Voltage controlled resistor with minimum threshold

Luke Haberkern

Joined Nov 25, 2020
12
This is an odd problem that I could use help with. I have an input voltage that ranges from 50mV to 10V that I need to use as a voltage controlled resistor to set an output voltage that is pulled up to 10V with a 1k resistor. The tricky part is that I need this output to be driven to 0 for any input voltage less than 100mV.

This cannot be an open drain circuit since the output is pulled to 10V and I cannot change that. I cannot use a diode drop circuit either for the same reason. I considered a JFET circuit but I need it inverted and close to linear. Ie an input less than 100mV needs to set the output to 0V (less than 10mV), 5V input needs to set the output to near 5V, and a 10V input needs to set the output to near 10V.

Any suggestions would be greatly appreciated. I'm sure I'm forgetting some long lost semiconductor... I even considered a PTC thermistor but making it work for this would be challenging.
Thank you

Edit: Thank you all for the various ideas, I think I have a path forward now. I'll be using the P-CH JFET LSJ74A to short the output below ~200mV and create a small offset above that. Should be sufficient for my needs.

Last edited:

crutschow

Joined Mar 14, 2008
33,369
Sorry, but I don't quite understand what the exact relation between the input voltage and the output voltage is that you want.
Tells what you need to do, not how you think it should be done.

WBahn

Joined Mar 31, 2012
29,528
Agree with crutschow. Describe the actual problem you are trying to solve. Treat it like a black-box contract. You need someone to deliver to you a black box that solves your problem. You tell them what behavior you need the box to have and let them worry about what to put inside the box to make it behave that way.

When you say that for an input of 5 V that the output needs to be "near 5 V", how near is near enough? Is 4.9 V near enough?

If the output is 0 V for an input of 100 mV, what should it be for an input of 200 mV? Is an output of 100 mV acceptable?

Sketch a chart having Vin on the x-axis and Vout on the y-axis. Put three lines on it. The first one is what, in a perfect world, you would like the Vout vs Vin to be. On the second one, put the minimum acceptable Vout vs Vin and, on the third one, put the maximum acceptable Vout vs Vin.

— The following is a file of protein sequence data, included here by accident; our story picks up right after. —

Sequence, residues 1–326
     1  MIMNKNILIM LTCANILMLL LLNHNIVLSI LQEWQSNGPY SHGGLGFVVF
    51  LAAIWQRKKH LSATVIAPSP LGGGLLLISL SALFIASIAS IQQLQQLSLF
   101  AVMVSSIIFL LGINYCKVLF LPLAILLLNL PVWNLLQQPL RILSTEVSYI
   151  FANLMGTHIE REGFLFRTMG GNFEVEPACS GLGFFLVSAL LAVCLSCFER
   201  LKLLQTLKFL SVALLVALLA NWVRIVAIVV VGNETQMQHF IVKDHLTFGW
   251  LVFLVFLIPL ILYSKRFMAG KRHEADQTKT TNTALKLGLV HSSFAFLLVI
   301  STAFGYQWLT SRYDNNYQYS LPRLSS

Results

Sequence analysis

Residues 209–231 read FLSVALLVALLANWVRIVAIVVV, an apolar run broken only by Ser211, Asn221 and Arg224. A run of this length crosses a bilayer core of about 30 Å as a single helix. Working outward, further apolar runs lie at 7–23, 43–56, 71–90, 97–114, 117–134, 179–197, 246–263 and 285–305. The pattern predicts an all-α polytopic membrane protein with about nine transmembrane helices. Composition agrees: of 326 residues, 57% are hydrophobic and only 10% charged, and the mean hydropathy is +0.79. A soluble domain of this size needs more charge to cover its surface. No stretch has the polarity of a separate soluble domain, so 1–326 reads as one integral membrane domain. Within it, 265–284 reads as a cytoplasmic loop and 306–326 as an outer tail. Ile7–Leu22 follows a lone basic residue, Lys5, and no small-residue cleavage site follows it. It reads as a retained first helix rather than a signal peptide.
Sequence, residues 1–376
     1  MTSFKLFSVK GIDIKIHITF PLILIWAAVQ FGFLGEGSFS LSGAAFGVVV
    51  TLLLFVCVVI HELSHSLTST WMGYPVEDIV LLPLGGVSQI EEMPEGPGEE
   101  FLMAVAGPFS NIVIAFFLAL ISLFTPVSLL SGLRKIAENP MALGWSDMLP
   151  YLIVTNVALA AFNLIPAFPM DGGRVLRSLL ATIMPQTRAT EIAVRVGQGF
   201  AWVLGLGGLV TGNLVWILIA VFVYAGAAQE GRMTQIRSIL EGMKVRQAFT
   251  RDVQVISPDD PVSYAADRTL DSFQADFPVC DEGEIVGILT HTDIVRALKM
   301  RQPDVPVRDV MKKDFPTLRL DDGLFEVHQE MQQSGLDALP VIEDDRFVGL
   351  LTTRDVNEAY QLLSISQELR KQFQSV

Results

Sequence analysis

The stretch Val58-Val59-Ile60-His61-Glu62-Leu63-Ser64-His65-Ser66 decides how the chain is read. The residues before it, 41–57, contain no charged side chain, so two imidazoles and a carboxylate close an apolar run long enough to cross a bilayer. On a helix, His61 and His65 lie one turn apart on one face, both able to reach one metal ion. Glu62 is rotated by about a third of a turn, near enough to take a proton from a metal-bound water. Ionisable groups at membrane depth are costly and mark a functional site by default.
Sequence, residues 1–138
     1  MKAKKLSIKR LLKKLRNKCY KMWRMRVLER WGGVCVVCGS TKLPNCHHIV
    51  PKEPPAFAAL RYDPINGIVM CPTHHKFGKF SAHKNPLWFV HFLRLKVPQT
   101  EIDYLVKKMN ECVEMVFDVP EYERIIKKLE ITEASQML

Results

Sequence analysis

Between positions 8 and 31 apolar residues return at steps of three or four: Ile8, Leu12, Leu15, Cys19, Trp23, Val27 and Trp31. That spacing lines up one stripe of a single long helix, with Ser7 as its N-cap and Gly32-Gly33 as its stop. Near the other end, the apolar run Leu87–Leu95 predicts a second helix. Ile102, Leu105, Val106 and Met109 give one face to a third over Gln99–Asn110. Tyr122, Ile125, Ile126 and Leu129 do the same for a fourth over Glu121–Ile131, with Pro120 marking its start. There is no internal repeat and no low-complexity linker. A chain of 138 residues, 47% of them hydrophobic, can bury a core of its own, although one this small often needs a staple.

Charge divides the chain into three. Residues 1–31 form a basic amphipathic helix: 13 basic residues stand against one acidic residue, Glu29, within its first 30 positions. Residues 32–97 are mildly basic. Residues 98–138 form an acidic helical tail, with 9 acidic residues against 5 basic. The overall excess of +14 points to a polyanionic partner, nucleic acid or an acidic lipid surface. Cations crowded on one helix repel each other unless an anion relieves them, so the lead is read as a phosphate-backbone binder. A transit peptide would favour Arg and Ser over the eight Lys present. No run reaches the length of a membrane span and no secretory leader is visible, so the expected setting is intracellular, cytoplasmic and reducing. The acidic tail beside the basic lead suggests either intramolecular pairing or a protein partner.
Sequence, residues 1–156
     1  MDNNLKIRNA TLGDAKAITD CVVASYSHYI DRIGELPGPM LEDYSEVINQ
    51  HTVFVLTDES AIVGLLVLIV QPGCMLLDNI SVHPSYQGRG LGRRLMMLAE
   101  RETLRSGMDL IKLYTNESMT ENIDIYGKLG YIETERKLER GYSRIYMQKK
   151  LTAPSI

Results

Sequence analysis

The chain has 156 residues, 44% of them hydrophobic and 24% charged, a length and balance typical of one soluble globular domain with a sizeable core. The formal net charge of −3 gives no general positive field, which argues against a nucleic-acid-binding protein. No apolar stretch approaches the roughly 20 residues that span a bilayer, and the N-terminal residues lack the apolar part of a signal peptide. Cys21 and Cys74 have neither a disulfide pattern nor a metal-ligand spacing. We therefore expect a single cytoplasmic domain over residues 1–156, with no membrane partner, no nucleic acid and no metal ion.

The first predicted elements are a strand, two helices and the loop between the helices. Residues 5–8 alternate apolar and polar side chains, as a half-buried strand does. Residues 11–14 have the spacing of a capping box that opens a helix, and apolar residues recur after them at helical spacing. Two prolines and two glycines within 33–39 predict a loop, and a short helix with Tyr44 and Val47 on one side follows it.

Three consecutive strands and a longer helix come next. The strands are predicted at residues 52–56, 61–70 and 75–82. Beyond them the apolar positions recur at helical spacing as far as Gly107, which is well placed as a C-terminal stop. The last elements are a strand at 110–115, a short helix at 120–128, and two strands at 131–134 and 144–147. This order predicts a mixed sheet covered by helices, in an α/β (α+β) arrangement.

Then include a sketch of what this black box is connected to? What is providing the input voltage and what is the output voltage driving. You mentioned that the output is pulled to 10 V. How? By a resistor? What is the value of the resistance? By something else?

ronsimpson

Joined Oct 7, 2019
2,797
What supply voltages do you have? I see +10V. Is there a -10V?
What is the input like? How much load can it drive?
It looks like (input-100mV=output) then limit so the output does not go negative.
I think a simple R-R op-amp circuit will work. It needs to drive the 1k load that is d=connected to +10V.

Luke Haberkern

Joined Nov 25, 2020
12
Sorry, but I don't quite understand what the exact relation between the input voltage and the output voltage is that you want.
Tells what you need to do, not how you think it should be done.
If the input is less tha
What supply voltages do you have? I see +10V. Is there a -10V?
What is the input like? How much load can it drive?
It looks like (input-100mV=output) then limit so the output does not go negative.
I think a simple R-R op-amp circuit will work. It needs to drive the 1k load that is d=connected to +10V.
I have no rails as this will be just a module between two cables. All I have is ground and Vin from 50mV to 10V on the input, and ground and a pulled up 10V output that I need to pull low to the correct voltage. I can draw a representative circuit but it would just be a voltage source with 50 ohm input impedance on the input and a constant 10V voltage source with 1k output impedance on the output. The only way to turn off the device is to pull the output within 10mV to ground.

Luke Haberkern

Joined Nov 25, 2020
12
Agree with crutschow. Describe the actual problem you are trying to solve. Treat it like a black-box contract. You need someone to deliver to you a black box that solves your problem. You tell them what behavior you need the box to have and let them worry about what to put inside the box to make it behave that way.

When you say that for an input of 5 V that the output needs to be "near 5 V", how near is near enough? Is 4.9 V near enough?

If the output is 0 V for an input of 100 mV, what should it be for an input of 200 mV? Is an output of 100 mV acceptable?